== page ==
Part of the answer lies in using ecological approaches, such as integrated pest management, that underpin sustainable agriculture. Another key ingredient is the development of participatory approaches that strengthen farmers' own experimentation and decision-making. But these alone will not be enough.
Biotechnology is going to be an essential partner, if yield ceilings are to be raised, if crops are to be grown without excessive reliance on pesticides, and if farmers on less favoured lands are to be provided with crops that are resistant to drought and salinity, and that can make more efficient use of nitrogen and other nutrients.
Over the past ten years, in addition to support for ecological approaches, the Rockefeller Foundation has funded the training of some 400 Asian, African and Latin American scientists in the techniques of biotechnology. They are now back in their laboratories, developing new crop varieties suited to local conditions.
Most of the new varieties are the result of tissue culture and marker- aided selection. One rice, called La Fan Rockefeller, and widely grown around Shanghai, has boosted yields by up to 25 per cent.
Another, developed at the West African Rice Development Association, is a cross between Asian and African rice species. It combines the best features of both - tolerance of drought and weed suppression - with high yields.
But we are also supporting the production of genetically engineered rices. There are now varieties that can tolerate aluminum toxicity, and others that are capable of withstanding submergence.
Perhaps a greater potential benefit will come from a new rice engineered for beta carotene - the precursor of Vitamin A - in the grain. Two million children die indirectly from Vitamin A deficiency each year. Beta carotene is in the leaves of rice. Getting it into the grain of the rice is where genetic engineering has succeeded where traditional plant breeding has failed. We now need to assess fully these potential benefits and to explore the likely risks to the environment and to human health.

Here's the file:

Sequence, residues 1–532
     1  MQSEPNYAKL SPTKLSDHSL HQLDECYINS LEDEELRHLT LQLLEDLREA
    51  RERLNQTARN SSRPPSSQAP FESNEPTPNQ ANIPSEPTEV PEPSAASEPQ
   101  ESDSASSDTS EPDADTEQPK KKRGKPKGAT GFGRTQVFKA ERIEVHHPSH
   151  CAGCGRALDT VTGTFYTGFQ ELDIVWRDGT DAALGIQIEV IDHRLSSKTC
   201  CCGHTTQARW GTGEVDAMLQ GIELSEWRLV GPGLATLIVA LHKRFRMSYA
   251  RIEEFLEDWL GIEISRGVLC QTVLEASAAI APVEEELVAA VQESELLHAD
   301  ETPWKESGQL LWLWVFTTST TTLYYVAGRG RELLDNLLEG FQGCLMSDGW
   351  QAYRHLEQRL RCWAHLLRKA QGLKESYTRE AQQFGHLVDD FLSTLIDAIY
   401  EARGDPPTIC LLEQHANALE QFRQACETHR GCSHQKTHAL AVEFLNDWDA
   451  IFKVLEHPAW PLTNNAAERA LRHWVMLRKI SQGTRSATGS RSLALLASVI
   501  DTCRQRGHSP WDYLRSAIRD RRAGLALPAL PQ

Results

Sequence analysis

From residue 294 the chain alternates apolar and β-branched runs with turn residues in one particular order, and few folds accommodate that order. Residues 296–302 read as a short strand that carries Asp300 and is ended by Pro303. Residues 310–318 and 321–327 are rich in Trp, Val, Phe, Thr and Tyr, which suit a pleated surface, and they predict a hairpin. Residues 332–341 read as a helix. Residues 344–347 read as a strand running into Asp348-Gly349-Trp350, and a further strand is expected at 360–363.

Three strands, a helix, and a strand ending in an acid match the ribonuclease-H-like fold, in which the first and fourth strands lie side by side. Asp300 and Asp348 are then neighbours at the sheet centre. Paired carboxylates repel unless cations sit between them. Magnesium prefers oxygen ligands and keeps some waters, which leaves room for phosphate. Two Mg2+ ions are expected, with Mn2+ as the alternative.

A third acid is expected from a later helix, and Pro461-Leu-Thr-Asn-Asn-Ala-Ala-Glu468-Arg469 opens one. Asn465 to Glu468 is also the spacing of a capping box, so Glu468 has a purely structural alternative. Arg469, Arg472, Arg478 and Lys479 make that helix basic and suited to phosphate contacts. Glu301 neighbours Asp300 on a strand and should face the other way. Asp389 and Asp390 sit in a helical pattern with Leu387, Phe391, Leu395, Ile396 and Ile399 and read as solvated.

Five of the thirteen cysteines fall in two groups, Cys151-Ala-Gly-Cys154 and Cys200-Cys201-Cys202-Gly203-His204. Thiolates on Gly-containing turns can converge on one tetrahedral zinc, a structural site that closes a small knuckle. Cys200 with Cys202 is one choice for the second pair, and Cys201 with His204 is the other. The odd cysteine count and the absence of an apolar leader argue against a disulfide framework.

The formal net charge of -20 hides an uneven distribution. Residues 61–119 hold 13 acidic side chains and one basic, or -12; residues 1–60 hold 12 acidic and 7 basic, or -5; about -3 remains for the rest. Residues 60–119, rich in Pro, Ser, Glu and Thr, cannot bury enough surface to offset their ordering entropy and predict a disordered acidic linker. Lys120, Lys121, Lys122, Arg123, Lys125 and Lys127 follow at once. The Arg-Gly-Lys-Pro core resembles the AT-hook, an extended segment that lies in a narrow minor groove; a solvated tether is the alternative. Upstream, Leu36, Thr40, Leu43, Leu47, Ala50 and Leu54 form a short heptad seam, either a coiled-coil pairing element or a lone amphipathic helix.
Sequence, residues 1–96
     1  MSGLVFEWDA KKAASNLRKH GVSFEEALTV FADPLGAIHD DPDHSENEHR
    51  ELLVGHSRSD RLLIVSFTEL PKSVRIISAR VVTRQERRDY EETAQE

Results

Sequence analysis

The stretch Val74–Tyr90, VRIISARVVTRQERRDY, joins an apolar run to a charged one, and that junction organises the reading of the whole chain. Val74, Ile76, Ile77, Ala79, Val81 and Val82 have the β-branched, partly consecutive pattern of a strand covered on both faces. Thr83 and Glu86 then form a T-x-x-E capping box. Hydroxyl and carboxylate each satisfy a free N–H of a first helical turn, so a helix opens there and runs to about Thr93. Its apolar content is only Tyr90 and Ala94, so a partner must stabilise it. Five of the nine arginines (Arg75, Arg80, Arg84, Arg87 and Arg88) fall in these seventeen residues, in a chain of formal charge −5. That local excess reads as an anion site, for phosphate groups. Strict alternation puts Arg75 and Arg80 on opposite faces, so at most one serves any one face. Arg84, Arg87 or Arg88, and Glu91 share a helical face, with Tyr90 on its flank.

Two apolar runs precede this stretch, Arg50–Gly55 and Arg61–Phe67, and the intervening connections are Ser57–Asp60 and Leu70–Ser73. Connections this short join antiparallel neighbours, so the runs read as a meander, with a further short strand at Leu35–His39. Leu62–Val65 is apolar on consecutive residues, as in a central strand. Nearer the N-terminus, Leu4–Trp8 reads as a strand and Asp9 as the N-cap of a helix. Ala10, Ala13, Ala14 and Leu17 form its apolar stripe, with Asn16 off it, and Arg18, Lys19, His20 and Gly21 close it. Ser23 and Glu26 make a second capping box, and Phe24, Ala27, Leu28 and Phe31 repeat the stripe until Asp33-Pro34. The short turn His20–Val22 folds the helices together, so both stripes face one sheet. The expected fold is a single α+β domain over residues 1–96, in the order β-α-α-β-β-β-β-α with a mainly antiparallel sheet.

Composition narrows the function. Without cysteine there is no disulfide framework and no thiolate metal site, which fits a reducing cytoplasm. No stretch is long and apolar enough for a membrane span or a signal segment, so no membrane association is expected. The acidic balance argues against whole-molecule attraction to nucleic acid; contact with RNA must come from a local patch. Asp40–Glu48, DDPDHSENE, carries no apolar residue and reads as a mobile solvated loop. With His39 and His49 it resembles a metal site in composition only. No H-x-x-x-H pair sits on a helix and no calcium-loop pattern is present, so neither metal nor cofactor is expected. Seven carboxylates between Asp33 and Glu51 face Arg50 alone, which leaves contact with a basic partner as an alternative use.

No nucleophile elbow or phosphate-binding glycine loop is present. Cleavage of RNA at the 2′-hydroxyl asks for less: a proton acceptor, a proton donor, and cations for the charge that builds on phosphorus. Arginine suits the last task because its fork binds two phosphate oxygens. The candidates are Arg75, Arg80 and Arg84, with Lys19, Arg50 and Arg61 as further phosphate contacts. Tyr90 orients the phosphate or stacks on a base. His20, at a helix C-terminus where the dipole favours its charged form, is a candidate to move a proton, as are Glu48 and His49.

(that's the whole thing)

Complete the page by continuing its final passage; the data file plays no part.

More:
Let me recommend some specific steps that you at Monsanto could take today that would improve acceptance of plant biotechnology in both the developing and the industrialised worlds.
First, consumers have a right to choose whether to eat GM foods or not. Monsanto should come out immediately and strongly in favour of labelling. Second, you should disavow the use of terminator technologies designed to prevent farmers from saving seed for next year's crop.
Third, phase out the use of antibiotic resistance markers. The likelihood of such genes generating antibiotic resistance in livestock or humans is small; but alternatives exist and should be used.
Fourth, the big seed companies could agree to use the plant variety protection system in developing countries, rather than the use of patents. This will allow farmers to retain the seed and public plant breeders to continue to innovate. Fifth, you and other life science companies should establish an independently administered fellowship programme for training developing country scientists in crop biotechnology, biosafety and intellectual property.
Sixth, donate a number of useful technologies, for example the agrobacterium transformation system, to the developing countries. Seventh, agree to share the financial rewards from intellectual property rights on varieties such as basmati or jasmine rice with the countries of origin.
Eighth and finally, we need a new way of talking and reaching decisions. You will not overcome public concern in Africa, Asia and Latin America simply by issuing statements reassuring poor people that you are committed to feeding them and caring for their environments. It would be better to treat them as equal partners in a dialogue.
This is not the time for a new offensive by a PR agency. It is time for a new relationship based on honesty, full disclosure and an uncertain shared future.